Data from healthcare services reflect the time at which patients sought healthcare advice. This does not necessarily correspond with date of symptom onset. In particular, patients with milder illnesses may not present unless they become more severe or complications develop [15, 16]. Therefore, the number of healthcare consultations is not a simple measure of illness in the population but rather a combination of illness levels, severity of the illness, availability of healthcare services, and ability or willingness to seek healthcare [17]. Based on this, we develop a data-driven smoothing method, the *extended working day moving average,* using scaling factors to take both day of the week and public holiday effects into account.

The rest of this paper is organised as follows. The Background will conclude with a short discussion of the existing literature of smoothing methods to account for day of the week and public holiday effects in healthcare data, a description of the specific calendar effects observed in the GP in-hours SSS, and a description of the seven-day and working day moving average. The limitations of these methods justify the development of the extended working day moving average to take day of the week and public holiday effects into account simultaneously, which will be described in the Methods section. This will be followed by a description of the data from the GP in-hours SSS to which the smoothing methods will be applied. An evaluation of the extended working day moving average, with comparison to the seven-day and working day moving averages will be presented in the Results section. Finally, the strengths and limitations of the smoothing methods and the impact of using the extended working day moving average on public health practice will be discussed.

### Existing literature of smoothing methods to account for day of the week and public holiday effects in healthcare data

Smoothing to remove day of the week effects and visualise trends has been noted as being important for analysis of healthcare data [18, 19, 20, 21, 22], although few smoothing methodologies have specifically been developed to enhance visual interpretations in this context. However, both model-based and data-driven smoothing methods have been used to remove day of the week and/or public holiday effects as part of more complex detection algorithms [17].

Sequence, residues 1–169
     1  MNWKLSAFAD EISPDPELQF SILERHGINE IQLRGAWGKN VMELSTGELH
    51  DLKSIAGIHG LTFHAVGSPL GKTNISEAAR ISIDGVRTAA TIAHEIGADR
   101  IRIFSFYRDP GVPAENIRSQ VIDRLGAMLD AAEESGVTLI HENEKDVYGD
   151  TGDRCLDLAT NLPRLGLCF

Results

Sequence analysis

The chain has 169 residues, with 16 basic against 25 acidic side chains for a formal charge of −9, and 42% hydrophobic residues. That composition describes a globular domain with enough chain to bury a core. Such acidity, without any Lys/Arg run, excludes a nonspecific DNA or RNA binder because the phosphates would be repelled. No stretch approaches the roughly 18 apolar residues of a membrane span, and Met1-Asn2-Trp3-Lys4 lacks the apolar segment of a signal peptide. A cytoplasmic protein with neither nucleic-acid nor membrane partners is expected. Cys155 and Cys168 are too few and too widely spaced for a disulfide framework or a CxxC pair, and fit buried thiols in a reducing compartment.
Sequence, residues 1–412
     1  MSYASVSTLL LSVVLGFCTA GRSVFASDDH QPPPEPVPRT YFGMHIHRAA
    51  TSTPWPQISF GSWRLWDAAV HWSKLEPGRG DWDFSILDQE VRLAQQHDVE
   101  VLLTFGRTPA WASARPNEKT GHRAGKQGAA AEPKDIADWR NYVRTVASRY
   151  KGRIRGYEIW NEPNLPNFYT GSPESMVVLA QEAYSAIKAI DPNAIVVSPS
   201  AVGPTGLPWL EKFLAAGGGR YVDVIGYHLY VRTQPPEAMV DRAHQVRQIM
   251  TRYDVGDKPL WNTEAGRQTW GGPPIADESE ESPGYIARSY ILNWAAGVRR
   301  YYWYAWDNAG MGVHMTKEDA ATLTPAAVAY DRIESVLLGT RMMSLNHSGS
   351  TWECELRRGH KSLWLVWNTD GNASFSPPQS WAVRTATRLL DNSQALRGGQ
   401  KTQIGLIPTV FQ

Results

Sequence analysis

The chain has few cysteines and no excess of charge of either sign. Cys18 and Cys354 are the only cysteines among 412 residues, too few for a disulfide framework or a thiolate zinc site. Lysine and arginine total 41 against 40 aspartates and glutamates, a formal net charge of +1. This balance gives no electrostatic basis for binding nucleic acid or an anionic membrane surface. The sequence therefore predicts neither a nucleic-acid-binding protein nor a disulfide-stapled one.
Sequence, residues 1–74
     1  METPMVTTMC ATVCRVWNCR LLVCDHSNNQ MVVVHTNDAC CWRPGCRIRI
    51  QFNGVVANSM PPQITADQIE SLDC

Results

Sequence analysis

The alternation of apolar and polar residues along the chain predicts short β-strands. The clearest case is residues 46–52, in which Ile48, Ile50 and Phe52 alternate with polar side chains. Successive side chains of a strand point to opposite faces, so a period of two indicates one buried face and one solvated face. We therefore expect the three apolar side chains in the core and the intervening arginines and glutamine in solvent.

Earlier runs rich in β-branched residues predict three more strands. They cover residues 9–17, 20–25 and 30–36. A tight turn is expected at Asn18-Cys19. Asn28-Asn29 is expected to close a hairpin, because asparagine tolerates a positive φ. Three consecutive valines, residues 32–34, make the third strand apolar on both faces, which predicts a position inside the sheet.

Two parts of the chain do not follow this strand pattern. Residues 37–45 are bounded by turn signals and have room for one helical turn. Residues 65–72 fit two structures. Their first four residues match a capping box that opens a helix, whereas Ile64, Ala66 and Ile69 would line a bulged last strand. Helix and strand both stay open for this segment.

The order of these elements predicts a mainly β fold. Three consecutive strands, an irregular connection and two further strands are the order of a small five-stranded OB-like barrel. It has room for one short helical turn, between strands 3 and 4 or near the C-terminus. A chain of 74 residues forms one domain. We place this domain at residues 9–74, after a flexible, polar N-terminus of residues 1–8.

Many published methodologies are able to smooth day of the week effects but do not consider public holiday effects [17, 22, 23]. However, this study will demonstrate that both day of the week and public holiday effects must be considered simultaneously to enable continued, effective surveillance of GP consultation data during and around public holidays.

The working day moving average was developed by PHE to visualise trends in syndromic data from the GP in-hours SSS, however this has not previously been described in the literature.

### Day of the week and public holiday effects in the GP in-hours SSS

### Description of smoothing methods used for comparisons

A 7-day moving average is the simplest data-driven smoothing approach to remove a day of the week effect. No adjustment is made for public holiday effects in this method.

A moving average is a series of averages of subsets of the time series of syndromic data. The first element of a 7-day moving average is the average of the first seven data points. The second element is the average of the second to eighth data point. This is continued so that each set of seven consecutive data points is averaged [24]. Seven days was chosen in this context as day of the week effects have 7-day periodicity.

The working day moving average method was previously developed by PHE to take both day of the week and public holiday effects into account when visualising data from syndromic surveillance systems. This simple adjustment of the 7-day moving average aims to take into account public holidays and ensure the smoothing line takes values similar to the number of consultations on an average working day.

The working day moving average is constructed as follows. Due to reduced opening hours, very few routine in-hours GP consultations occur on public holidays. Therefore, public holidays are grouped with weekends, and a moving average is computed that takes into account the number of working days. Let *n* denote the number of working days within the current block of 7 days being considered to give an element of the moving average. In the GP in-hours SSS this is typically five, as doctors’ surgeries do not typically open on weekends. However, in blocks containing public holidays it will be fewer. Instead of simply computing the average of the number of consultations on the 7 days, the sum of the number of consultations on working days was multiplied by \( \frac{5}{n} \) and the sum of the number of consultations on non-working days was multiplied by \( \frac{2}{7- n} \). The sum of these totals was then divided by five, the typical number of working days in the GP in-hours SSS.

For a block of 7 days with no public holidays, this calculation just gives \( \frac{1}{5} \) times the sum of the number of consultations on the 7 days in question, a basic moving average. For blocks of 7 days containing public holidays, this calculation weights the working days slightly more than the simple sum and the non-working days slightly less. This accounts for the expected reduction in total consultations in the week due to the public holiday.

## Methods

### Extended working day moving average

In the extended working day moving average, we do not simply assume that healthcare seeking behaviour on public holidays is the same as on weekend days and that behaviour on all other weekdays is the same. Instead, each different day of the week and each day affected by a public holiday is assigned a scaling factor. This simultaneously takes into account changes in the number of healthcare consultations on days surrounding public holidays, changes in the number of consultations on the public holiday itself, and the day of the week effect.

Data from one complete year, excluding any weeks containing public holidays, were used to give the scaling factors of the extended working day moving average for a syndromic indicator from the GP in-hours SSS. Therefore, the scaling factors will be different for each syndromic indicator.